Wednesday, October 1, 2014

HERBAL MEDICINE: TINCTURES

For a simple elderberry tincture recipe click HERE. Unfortunately here in Minnesota the elderberry season is over.  I was lucky to find a bush that hadn't been picked over by the birds but not lucky enough to have my tincture ready before my youngest caught a respiratory infection :( 

Elderberries, when taken orally,  are best for treating both influenza A and B.  A lot of "anti-natural" medicine people point to the lack of research when it comes to using herbs to treat certain ailments but elderberry has been well researched and its potency proven.  The research conducted by Israeli virologist Dr. Madeleine Mumcuoglu used elderberry syrup and results showed it cut the duration of the flu by half and invitro tests also showed it was 99% effective at fighting the Avian and H1N1 flu viruses. Our family uses elderberry tincture as a preventative.

If you want to make an elderberry tincture but can't find the berries you can always order them from HERE and HERE.

NOTE: for anyone questioning whether all elderberries are created equal. There is more than one variety of elderberry and the research that was done was on the Sambucus Nigra.  Back in 2009 I was told not to use anything but Sambucus Nigra in my tinctures when trying to prevent the flu but herbalist have now changed their opinion on that.  What I've been told by several herbalists in 2014 is that you can use the berries from any variety of elderberry for a tincture to prevent the flu. 

This is the elderberry we grabbed this year. Notice they are still a little light.

These are elderberries we've picked in the past, this is the color you really want your elderberries
to be when you pick them.

So for the simple details on tinctures let's start with the best book I have found on making herbal medicines.  The Herbal Medicine Maker's Handbook has all the little details someone interested in herbal healing likes.  In this book you get the who, what, and why of herbal medicine and not just a bunch of recipes.  Tinctures are not the only thing James Green covers in his book, he also covers lotions & creams, oil infusion, syrups, etc...



Don't know what a tincture is? A tincture is an herbal extract that is taken orally; under the tongue or swallowed (< children often do this instead of holding under the tongue). 

Why under the tongue? Because it is the fastest way into your bloodstream. 

Example for those that may not understand why we put tinctures under the tongue: my sister has a seizure disorder and anytime she has a seizure that lasts longer than a minute we can give her a drug called Ativan.  It is liquid form and the drops go under the tongue, Morphine is often given this way also and the reason is because it's fast acting, faster than if you swallowed it. Swallowing medication requires it go through the gut but a tincture immediately goes into the bloodstream.  The best explanation I could find to share with my blog readers (for when you have time to read) is HERE.  The gist of it is just this:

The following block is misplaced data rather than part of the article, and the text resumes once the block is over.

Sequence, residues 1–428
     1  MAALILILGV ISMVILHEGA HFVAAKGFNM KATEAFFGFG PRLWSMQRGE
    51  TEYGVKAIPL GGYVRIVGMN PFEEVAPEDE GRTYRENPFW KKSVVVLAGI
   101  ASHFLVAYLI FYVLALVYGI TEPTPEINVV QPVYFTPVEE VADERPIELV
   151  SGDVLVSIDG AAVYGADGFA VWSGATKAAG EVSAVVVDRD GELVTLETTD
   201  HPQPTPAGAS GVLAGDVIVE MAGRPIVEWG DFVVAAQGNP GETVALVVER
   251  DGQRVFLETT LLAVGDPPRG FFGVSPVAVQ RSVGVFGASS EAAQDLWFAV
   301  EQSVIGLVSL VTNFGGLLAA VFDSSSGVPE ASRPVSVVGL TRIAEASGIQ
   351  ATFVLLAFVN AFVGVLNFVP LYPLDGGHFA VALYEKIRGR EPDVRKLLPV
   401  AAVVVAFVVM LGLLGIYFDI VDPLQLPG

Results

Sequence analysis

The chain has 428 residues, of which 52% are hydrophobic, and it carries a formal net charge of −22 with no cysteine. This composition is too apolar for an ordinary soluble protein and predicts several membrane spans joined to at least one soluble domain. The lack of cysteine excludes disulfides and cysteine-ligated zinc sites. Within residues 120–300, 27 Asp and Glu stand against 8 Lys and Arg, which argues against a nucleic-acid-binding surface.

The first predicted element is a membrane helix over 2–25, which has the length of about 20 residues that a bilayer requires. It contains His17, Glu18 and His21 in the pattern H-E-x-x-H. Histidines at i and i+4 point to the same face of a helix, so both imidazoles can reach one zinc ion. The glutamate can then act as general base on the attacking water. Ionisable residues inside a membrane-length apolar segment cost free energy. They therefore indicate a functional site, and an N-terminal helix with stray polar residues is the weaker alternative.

"When you swallow a pill, it must go through your entire gastrointestinal tract. This means the stomach (with acid and bile), the intestines (where most absorption takes place) and then off to the liver, for some more filtering. And THEN it's delivered to where it's needed. 
Truthfully, it's the long way, when you think about it. Going under the tongue bypasses this entire route, and delivers the medication right to the bloodstream. No waiting, no roadblocks -- just right into the blood and off to do its job."
So tinctures are drops you place under the tongue so their beneficial properties can be delivered into your bloodstream quickly to do their job.  You usually take a specified amount of a tincture (ex. 2-5 drops) and then hold it there for about 10-20 seconds.  There isn't usually any swallowing because the tincture will absorb quickly. 

How do you know how much to take?  Dosing of any med, whether natural or created in a lab, depends on several factors and those usually are your weight, age and ailment.  To better understand dosing and contraindications of herbal medicine I suggest this book HERE.  Herbalist Matthew Alfs explains proper dosing, what herbs conflict with others, when it is and isn't safe for someone to ingest a particular herb, etc... Since natural meds can be just as dangerous as some modern medications it is best to get a book like 300 Herbs to make sure you are being as safe as possible when ingesting herbs. (warning: don't follow info you find on the web, most of the sites online will tell you take 2-3 drops of pretty much any tincture and that isn't accurate information).  



If in doubt about the efficacy of herbal meds do a little research, what you'll learn is that most of the time when someone says they've tried an herbal remedy and it didn't work was because they just crushed up a bunch of leaves and made a tea or they grabbed something off the shelf at the local co-op without understanding the ingredients, how much to take and whether it was truly best for them.  Remember, once upon a time the use of herbal remedies was much more formal. 
way back when the eople paid a lot more attention to dosage and contraindications of plants until modern medicine took over, made everyone believe that plant medicine was quackery and now when people dabble in natural health modalities they do it without a lot of understanding of how it works and then they walk away with a negative opinion of it.  Herbs work, some are overhyped and some under appreciated but the more you learn about them the easier for you to pick and choose what is best for you.